How do foreign interests influence the policy determination process? How is trade policy affected? What are the welfare implications of such foreign influence? In this paper we develop a model of foreign influence and apply it to the study of optimal tariffs. We develop a two-country voting model of electoral competition, where we allow the incumbent party in each country to take costly actions that probabilistically affect the electoral outcome in the other country. We show that policies end up maximizing a weighted sum of domestic and foreign welfare, and we study the determinants of this weight. We show that foreign influence may be welfare-enhancing from the point of view of aggregate world welfare because it helps alleviate externalities arising from crossborder effects of policies. Foreign influence can however prove harmful in the presence of large imbalances in influence power across countries. We apply our model of foreign influence to the study of optimal trade policy. We derive a modified formula for the optimal import tariff and show that a country’s import tariff is more distorted whenever the influenced country is small relative to the influencing country and whenever natural trade barriers between the two countries are small. We also show that the viability of free trade agreements can be hampered by large imbalances in power across countries.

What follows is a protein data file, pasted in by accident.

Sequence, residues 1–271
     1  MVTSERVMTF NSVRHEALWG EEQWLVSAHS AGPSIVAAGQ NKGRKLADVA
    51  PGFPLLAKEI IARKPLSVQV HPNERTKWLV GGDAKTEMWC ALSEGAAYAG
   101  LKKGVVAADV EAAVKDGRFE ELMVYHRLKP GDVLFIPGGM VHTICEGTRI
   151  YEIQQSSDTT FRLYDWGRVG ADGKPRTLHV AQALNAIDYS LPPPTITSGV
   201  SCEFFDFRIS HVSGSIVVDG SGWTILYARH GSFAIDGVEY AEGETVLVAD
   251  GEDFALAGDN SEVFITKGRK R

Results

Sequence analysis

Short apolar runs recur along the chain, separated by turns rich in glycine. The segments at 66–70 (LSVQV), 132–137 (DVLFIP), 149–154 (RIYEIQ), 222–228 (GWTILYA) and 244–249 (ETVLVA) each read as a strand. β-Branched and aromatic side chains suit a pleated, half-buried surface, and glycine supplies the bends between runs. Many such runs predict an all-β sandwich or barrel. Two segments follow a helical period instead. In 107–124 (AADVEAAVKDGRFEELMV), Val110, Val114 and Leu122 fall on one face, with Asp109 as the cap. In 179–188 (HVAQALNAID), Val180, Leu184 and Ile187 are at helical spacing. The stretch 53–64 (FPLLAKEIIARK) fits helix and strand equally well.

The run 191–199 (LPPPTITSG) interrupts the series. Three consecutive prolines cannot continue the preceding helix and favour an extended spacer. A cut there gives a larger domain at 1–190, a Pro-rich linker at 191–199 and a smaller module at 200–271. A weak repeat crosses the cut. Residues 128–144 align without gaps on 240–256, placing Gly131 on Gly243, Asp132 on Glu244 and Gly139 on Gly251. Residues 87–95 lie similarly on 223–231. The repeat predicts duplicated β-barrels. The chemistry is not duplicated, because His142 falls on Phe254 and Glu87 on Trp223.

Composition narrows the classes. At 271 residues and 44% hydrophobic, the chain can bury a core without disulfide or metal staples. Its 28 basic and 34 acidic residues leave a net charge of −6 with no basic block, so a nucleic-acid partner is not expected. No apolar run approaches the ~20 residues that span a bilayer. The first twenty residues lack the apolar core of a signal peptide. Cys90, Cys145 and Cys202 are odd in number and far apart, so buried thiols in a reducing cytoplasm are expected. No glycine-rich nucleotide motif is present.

Sunday, August 16, 2009
African crime fiction represents a comparatively new literary genre and an even newer topic in the critical study of African literatures. On the surface, crime fiction is concerned with the detection of crimes (petty as well as large scale), with corruption or political conspiracies. Its capacity for bloodcurdling mystery accounts for part of its popularity. Just as much, however, African crime fiction is concerned with a whole lot of other aspects, such as questions of authority and power within a postcolonial context against potential projections of a (neo-)imperial West; with working up the past of African nations and grappling with order and disorder in postcolonial societies; and with the renegotiation of gender and race relationships. Many authors have thus broadened the theme of investigation to address issues of community, beliefs and identity constructions across geographic and national boundaries. Others have broadened the genre by inventing recognisable sub-categories which relate to the social, political and historical formations of their specific African postcolonies. Dealing with such “serious” issues in a complex manner has long been regarded as the prerogative of African literary works aimed at elite readerships. Today, however, crime fiction has become one of the most active and ambitious sites of literary investigation. Contemporary African authors deliberately employ the immense popularity of the genre to reach readers from all walks of life. To borrow from an essay on multicultural detective narratives, African crime fiction ingeniously represents “murder with a message” (Gosselin 1999).